Monday, September 12, 2011

My 9/11 Story

Everyone has a story about where they were, what they were doing, and how they first learned about the collapse of the Twin Towers in Manhattan, and the subsequent attack on the Pentagon, but my story really began a few months before that horrific day.

In July, 2001, I had been working as director of new business for a prominent Beverly Hills staffing service. Business was good, but discernibly shaky starting in spring of that year, so there was no "new business" to be had.

My employer promised that we would "grow old and rich together" and, when it became quickly apparent that I was going to grow old, and he was going to grow rich, I promptly packed my bags, and headed for points north.

I ended up moving to a little country town that was nestled in the mountains, Ojai, where upon my arrival I finally got to do something I had wanted to do for about 20 years: find out more about a woman named Sylvia Beach, an American, daughter of a Presbyterian minister from Camden, New Jersey, who moved to Paris to fulfill her dream of opening a bookstore, Shakespeare & Company, and wound up becoming the first to publish the complete version of James Joyce's Ulysses.

The plan was to find out as much as I could about Beach and, of course, about James Joyce whose work I loved, and to write a stage play about it.

Before even unpacking, I decided to check out the town, and stopped into the local library to look for a book about Sylvia Beach.

On the wall of the library was a big poster of Shakespeare & Company, Sylvia Beach's bookstore, that was donated by a local artist. It was only supposed to be hanging there for a few weeks. How serendipitous, I thought, and asked the librarian if she had any books by Sylvia Beach, and she said, oh yes, there's one: Shakespeare & Company, her autobiography.

Well, I took a few deep breaths as this was the title I had intended for my play, and asked if she had a copy of the book. She told me there was only one copy, and it was over in Santa Barbara, about 30 miles away. I asked her to please call over there, ask them to hold it for me, and got into the car right away. It was my first time ever going to the library in Santa Barbara. I can't recall ever wanting to get my hands on a book that bad before, or since.

A few days later, walking down the street, I saw Malcolm McDowell sitting at a cafe having lunch with some friends. I felt like a character out of one of Cocteau's movies, "Le Testament d'Orphee," running into mythical figures on a busy boulevard in Paris.

When I gawked at him it produced such a memorable smirk that I immediately thought, I found my James Joyce! And, without his encouragement, it's likely the idea would never have seen the light of day. I needed an impetus to write the bloody thing, and there it was.

So, from late July through early September, I immersed myself completely in Beach's memoir, and read every biography of James Joyce I could get my hands on. What happened next was magical. Despite my own personal desire to write a stage play, Joyce came through for me as a character visually even more than verbally, and I felt compelled to commit the piece to the screen.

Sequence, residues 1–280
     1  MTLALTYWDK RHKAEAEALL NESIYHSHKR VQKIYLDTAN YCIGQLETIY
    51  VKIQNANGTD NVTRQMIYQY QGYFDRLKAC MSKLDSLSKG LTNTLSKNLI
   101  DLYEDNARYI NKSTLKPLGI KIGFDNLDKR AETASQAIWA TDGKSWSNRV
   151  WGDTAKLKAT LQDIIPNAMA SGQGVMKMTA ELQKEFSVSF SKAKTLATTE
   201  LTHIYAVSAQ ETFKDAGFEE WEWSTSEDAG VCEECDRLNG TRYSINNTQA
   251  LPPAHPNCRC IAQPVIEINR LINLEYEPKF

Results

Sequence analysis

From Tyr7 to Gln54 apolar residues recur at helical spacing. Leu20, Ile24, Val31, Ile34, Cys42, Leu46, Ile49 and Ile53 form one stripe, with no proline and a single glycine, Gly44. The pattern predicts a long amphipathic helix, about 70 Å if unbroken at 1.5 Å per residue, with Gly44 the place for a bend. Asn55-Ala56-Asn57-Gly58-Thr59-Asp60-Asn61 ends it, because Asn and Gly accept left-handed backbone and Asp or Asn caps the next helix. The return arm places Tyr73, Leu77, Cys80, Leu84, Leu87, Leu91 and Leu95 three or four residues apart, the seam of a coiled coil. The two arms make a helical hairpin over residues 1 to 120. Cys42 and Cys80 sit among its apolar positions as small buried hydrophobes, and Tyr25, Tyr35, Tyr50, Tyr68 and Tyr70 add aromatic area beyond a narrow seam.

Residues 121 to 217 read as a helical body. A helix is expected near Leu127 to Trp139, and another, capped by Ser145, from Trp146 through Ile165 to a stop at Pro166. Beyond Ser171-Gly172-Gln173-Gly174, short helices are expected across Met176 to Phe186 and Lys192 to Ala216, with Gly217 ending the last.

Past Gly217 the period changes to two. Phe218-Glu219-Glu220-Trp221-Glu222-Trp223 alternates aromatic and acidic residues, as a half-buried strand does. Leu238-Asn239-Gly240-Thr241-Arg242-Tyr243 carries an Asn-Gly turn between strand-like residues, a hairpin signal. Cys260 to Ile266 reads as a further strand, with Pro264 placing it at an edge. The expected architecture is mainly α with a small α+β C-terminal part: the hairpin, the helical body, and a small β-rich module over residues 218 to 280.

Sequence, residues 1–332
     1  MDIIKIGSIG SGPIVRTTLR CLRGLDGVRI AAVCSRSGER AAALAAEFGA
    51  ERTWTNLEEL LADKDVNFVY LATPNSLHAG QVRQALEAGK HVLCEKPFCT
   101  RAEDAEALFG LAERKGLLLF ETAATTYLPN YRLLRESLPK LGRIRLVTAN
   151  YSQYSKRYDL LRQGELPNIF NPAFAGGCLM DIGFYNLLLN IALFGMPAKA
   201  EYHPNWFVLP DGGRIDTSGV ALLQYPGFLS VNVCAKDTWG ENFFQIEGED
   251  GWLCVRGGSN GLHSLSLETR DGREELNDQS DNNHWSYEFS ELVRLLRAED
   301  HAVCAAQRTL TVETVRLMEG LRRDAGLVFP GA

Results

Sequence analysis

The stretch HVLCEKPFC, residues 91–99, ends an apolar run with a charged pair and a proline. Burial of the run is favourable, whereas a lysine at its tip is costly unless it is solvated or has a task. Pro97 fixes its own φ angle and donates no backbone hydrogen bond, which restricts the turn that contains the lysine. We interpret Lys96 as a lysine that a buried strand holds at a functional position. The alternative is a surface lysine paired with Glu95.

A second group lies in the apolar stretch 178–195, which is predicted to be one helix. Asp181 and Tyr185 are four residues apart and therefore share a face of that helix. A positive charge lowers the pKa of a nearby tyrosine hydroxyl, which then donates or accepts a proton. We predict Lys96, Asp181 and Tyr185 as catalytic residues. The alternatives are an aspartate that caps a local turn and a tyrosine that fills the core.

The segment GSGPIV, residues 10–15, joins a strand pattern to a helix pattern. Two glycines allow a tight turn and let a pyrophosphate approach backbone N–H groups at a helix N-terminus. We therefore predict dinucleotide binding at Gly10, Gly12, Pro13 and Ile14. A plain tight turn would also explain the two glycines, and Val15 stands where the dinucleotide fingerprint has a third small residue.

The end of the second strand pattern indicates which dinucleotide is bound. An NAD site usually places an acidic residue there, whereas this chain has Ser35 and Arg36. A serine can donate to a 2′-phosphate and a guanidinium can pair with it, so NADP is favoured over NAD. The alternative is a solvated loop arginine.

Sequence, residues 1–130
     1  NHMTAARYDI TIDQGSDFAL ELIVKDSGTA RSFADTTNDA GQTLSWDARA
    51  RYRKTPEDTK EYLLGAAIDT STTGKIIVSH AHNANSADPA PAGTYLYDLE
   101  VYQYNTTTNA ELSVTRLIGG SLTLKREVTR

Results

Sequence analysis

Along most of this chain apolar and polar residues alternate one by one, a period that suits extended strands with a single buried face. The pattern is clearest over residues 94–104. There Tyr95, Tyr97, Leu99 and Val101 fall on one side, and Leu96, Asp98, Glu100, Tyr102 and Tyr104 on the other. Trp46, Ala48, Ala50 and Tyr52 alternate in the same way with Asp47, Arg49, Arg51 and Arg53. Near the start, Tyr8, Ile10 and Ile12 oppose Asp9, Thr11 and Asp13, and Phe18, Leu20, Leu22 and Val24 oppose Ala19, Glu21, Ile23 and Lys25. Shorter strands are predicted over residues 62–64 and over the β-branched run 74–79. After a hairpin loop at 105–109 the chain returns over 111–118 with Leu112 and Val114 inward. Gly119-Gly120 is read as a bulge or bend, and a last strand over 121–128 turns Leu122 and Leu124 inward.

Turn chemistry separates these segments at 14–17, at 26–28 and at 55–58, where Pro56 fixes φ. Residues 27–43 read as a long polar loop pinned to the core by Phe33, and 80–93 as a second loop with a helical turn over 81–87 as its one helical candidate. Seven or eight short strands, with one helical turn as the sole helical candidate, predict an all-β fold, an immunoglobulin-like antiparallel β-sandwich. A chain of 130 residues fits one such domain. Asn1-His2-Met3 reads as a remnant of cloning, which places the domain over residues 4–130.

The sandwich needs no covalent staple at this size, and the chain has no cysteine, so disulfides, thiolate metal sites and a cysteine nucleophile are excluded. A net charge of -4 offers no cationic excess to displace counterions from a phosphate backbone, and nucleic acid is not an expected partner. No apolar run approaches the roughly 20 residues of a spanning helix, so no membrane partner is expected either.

During the period we now know as 9/11, I was completely engrossed with writing the first draft of my screenplay that was intended to be as much an anti-war statement as a statement against censorship.

After all, Ulysses, a book widely considered the greatest novel in the English language, was banned throughout most of Europe when it was published on James Joyce's 40th birthday, February 2, 1922. The novel was banned under the U.S. Tariff Act, and copies confiscated by US Customs Officials, until December, 1933 when, thanks to Judge Woolsey's verdict, the book was allowed to enter the U.S. Notably, Ulysses was banned in Australia until 1953.

Ironically, the months leading up to 9/11 were spent working on a piece that reminded us of what it was like to live in a repressive climate, an intellectual environment that forced books like Lady Chatterley's lover from the shelves, and one that enabled an organization like PEN to form to defend freedom of expression. It was soon clear that, in the weeks, and months after 9/11, this country would regress to the state of faux patriotism, and egregious censorship that characterized the 1920's.

After those airplanes crashed into the World Trade Center, something first witnessed on my computer screen, everything changed. The narcissistic, nationalistic, collective narcolepsy from which the planet suffered during the first and second world wars returned with a vengence.

In Ojai, American flags lined the main street. Ford Explorers brandished flag decals. We were back in the days of white picket fences, and apple pie. We had returned to the mindset that banned Allen Ginsberg's "Howl," and one that found the Joyce's imagination execrable. Make no mistake, were it not for the Woolsey verdict precedent-setting ruling on pornography, Ginsberg's "Howl" would have been pulled from the shelves.

As a result of 9/11, America had suddenly returned to a worldview that would stop our better angels at the gate and demand to see a passport.

Curiously, much of what appears in my screenplay, the 1920's and 1930's following World War I, and the lead-up to World War II, the faux moralism, and faux patriotism, the wholehearted and full embrace of warfare. It's enough to convince anyone that Sylvia Beach would have found it as hard today as she did in the 1920's to have Mr. Joyce's novel distributed in the U.S.

What a sad statement, and what a sadder statement still that her story has yet to be told, and told as only I can.